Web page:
It was a quick turn of events for a game that looked like it was over at halftime.
"We have to find a way to finish games," Marshall head coach Doc Holliday said. "That game's where it is at halftime and we have to find a way to come out and finish."
Marshall's offense clicked from the game's onset, racking up 383 yards en route to a 31-10 halftime lead.
The most dynamic play came on its final drive of the first half when Cato scrambled out of pressure to keep a play alive before throwing a lateral to running back Kevin Grooms.
Grooms followed by making a first man miss, reversing field and essentially setting up his blockers down the sideline for a 69-yard touchdown run. He finished with a career-high 155 yards on 21 carries.
"(Cato) was under so much pressure that I made sure I yelled 'Cato, Cato,'" Grooms said. "He looked and threw the ball. I had a lineman in front of me, and I let them take care of the cornerback.
"I made a cut back inside, and I knew I had one guy to beat. My coach always teaches us you better not let one man catch you. From there, it was all she wrote. I had to get to the end zone. It was special. It was an electrifying moment."
Prior to that, Cato had found success both short and long. Following a pump-and-go, Cato finally found the deep ball he's been looking for, hitting Davonte Allen on a 46-yard touchdown pass to make it 24-7 after Houston had gotten on the board with a 3-yard scoring pass from Jones to Ros.
Early on, Houston had trouble moving the ball. The Herd defense forced Houston to punt on its first five drives with four of those drives being three-and-outs.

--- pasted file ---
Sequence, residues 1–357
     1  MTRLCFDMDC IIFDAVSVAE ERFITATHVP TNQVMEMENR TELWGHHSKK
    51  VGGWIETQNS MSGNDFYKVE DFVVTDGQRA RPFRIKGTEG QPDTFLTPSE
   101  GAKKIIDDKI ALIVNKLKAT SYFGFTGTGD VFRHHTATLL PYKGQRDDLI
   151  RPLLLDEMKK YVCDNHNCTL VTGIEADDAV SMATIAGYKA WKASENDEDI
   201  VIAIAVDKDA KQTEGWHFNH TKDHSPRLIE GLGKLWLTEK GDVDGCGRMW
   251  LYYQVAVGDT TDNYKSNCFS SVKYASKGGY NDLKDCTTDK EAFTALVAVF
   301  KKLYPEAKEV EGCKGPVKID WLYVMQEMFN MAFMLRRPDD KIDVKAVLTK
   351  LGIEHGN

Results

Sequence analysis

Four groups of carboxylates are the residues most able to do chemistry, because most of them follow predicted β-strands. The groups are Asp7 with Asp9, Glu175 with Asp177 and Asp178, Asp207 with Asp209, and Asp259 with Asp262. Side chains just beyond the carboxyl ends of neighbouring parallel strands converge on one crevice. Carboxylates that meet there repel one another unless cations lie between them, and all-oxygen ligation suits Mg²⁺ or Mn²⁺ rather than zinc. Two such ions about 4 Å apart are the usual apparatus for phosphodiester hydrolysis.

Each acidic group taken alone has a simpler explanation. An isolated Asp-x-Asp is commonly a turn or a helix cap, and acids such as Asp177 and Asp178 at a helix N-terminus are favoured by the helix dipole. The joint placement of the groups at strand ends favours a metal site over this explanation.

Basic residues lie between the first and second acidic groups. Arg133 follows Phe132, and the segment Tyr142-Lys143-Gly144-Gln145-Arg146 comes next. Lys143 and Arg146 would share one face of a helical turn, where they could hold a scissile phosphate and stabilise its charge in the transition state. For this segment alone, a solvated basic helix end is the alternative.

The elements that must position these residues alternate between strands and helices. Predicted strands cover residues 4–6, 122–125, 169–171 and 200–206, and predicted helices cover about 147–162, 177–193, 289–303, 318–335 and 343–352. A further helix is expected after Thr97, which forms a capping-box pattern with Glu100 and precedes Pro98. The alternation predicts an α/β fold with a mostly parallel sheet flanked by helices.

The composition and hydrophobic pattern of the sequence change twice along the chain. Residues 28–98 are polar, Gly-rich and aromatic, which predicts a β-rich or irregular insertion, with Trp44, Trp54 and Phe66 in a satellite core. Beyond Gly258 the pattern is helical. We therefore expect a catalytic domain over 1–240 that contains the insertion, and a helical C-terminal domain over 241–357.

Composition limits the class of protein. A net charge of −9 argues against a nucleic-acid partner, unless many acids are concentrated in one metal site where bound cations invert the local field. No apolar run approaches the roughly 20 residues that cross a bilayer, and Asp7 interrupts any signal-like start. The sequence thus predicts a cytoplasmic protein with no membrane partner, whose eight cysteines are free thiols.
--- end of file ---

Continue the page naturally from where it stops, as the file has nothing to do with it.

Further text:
The defensive presence enabled Marshall to jump out to a 17-0 lead early in the second quarter.
Cato hit senior Antavious Wilson on a 19-yard touchdown pass on the opening drive of the game -- the first time Marshall has scored on the opening drive since the Ohio game on Sept. 15.
After a 23-yard field goal by Haig made it 10-0, Cato hit Tommy Shuler on a 5-yard touchdown pass with 9:11 left in the second quarter to make it a three-score game.
Shuler caught nine passes for 105 yards. Wilson had 72 yards on seven catches and the score in his final game at home.
Jones was 31 of 44 passing for 316 yards and five touchdowns for Houston (4-7, 3-4), who was eliminated from being eligible for a bowl game.
Houston running back Charles Sims attempted to play on a badly-injured ankle, but left the game in the second quarter.
Now, Marshall goes to East Carolina for a Friday contest in Dowdy-Ficklen Stadium with bowl eligibility on the line for the Herd. Kickoff is 2 p.m. on the CBS Sports Network.
The Herald-Dispatch welcomes your comments on this article, but please be civil. Avoid profanity, obscenity, personal attacks, accusations of criminal activity, name-calling or insults to the other posters. Herald-dispatch.com does not control or monitor comments as they are posted, but if you find a comment offensive or uncivil, hover your mouse over the comment and click the X that appears in the upper right of the comment. If you do not want your comment to post to your personal Facebook page, uncheck the box below the comment.